A little creativity can go a long way toward saving money. If you cover unpaved walkways with thick layers of newspaper topped with thin layers of mulch, you can get away with buying far less mulch. And you'll see the added benefit of improved weed suppression.
7. GROW GROCERIES
Growing your own food can cut down on grocery bills, and more people than ever are expected to grow vegetables this year. Charlie Nardozzi, senior horticulturist at the National Gardening Association, recommends starting with tomatoes, squashes and cucumbers, which "can produce pounds of vegetables for your kitchen." Nardozzi points out that a head of organic loose-leaf lettuce can cost $3, which is roughly the same as the cost of a seed package that can yield hundreds of heads of lettuce, and a 20-foot-by-30-foot vegetable garden can yield more than 300 pounds of produce valued at more than $600.
8. VERTICAL GARDENING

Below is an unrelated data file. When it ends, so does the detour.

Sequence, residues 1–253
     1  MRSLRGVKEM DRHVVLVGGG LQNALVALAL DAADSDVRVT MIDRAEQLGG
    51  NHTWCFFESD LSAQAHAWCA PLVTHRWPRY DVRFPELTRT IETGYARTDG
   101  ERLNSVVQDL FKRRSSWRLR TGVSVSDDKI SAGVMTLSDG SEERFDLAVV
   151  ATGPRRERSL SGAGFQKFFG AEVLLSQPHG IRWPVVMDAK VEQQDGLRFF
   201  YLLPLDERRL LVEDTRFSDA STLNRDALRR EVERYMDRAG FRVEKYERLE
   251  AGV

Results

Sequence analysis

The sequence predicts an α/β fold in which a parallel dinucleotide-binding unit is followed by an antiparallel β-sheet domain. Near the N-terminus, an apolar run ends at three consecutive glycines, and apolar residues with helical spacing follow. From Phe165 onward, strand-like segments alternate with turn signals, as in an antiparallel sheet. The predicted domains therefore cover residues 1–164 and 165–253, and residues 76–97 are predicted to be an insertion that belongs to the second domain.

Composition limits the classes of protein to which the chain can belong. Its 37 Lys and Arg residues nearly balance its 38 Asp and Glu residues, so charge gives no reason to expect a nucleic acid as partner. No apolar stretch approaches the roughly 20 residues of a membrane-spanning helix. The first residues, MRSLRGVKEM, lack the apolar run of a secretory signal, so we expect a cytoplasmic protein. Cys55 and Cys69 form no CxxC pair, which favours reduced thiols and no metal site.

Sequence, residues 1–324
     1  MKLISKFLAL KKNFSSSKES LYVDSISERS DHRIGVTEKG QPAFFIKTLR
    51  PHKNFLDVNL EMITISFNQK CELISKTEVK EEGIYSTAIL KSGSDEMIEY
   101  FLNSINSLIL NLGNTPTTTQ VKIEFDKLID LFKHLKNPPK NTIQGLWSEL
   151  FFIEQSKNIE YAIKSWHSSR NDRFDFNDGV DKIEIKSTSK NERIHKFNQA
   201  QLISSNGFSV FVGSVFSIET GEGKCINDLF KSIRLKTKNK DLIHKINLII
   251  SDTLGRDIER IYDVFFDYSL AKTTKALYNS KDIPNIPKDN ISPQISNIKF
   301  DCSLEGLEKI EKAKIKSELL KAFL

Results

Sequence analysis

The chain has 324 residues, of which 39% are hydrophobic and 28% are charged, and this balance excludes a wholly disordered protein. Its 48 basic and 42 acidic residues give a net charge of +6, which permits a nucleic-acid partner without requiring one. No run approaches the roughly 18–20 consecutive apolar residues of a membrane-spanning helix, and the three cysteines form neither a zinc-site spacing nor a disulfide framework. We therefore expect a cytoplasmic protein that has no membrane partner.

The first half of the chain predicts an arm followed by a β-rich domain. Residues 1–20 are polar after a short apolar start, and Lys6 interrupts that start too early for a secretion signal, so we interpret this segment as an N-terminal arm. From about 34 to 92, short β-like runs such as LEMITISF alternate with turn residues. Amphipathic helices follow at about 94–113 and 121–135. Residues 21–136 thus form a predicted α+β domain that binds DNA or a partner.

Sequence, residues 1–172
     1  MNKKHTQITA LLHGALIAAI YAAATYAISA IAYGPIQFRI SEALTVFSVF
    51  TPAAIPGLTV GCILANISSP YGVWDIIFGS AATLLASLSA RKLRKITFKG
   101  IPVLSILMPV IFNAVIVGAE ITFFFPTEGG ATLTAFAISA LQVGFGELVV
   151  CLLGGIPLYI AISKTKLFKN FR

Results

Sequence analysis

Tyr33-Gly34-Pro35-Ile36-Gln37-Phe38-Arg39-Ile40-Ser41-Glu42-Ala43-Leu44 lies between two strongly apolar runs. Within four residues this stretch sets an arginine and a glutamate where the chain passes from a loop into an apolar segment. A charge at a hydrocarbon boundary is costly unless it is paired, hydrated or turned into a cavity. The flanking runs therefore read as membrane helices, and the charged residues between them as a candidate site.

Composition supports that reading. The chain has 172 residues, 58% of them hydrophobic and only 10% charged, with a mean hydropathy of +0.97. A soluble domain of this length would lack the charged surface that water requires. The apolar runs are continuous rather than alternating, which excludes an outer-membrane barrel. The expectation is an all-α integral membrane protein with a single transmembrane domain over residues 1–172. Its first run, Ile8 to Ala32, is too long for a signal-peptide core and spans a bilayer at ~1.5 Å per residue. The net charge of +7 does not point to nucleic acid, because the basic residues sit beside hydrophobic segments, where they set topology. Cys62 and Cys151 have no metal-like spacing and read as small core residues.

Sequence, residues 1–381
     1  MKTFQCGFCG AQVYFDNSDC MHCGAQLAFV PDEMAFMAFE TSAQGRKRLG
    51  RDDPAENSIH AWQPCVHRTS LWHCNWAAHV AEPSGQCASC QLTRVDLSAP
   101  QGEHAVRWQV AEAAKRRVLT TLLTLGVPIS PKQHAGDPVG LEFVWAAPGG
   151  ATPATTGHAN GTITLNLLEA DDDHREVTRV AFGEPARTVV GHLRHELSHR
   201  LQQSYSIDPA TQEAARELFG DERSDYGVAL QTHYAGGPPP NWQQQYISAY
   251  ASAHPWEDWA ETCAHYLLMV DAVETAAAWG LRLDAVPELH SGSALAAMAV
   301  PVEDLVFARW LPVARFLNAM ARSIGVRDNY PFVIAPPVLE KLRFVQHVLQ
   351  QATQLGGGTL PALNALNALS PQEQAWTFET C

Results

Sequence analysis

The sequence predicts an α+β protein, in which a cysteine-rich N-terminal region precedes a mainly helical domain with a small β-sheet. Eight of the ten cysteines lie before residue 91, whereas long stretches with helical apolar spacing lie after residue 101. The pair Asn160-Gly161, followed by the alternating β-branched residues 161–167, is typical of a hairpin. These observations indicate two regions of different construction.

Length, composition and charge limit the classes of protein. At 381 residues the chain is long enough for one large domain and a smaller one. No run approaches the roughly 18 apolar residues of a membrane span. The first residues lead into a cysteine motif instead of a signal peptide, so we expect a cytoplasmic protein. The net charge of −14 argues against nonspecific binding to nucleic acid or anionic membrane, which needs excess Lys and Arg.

Outdoors, creating a vertical garden can be as simple as allowing a vine to climb a trellis on the ide of your house - where it will provide shade in the heat of summer - or as elaborate as encapsulating plants in specially constructed walls with piped water-circulation systems. Living walls have been used for more than 20 years in outdoor commercial spaces, where they've been valued for their aesthetics as well as for the insulation they provide, which lowers energy consumption. Indoors, they've been used in office buildings and shopping malls to help prevent sick building syndrome, as plants are selected for their air-purifying capabilities. Now, indoor vertical gardens are becoming popular with homeowners. Succulents and tropical lowlight plants like pothos and aglaonema are ideal for living walls, but herbs would grow nicely, too - and come in handy - on a sunny wall in the kitchen. Once installed, the level of care required is determined by the plants selected, says Anthony Caggiano of Plant Connection, a Riverhead-based nursery and nationwide distributor of green roofs and living walls.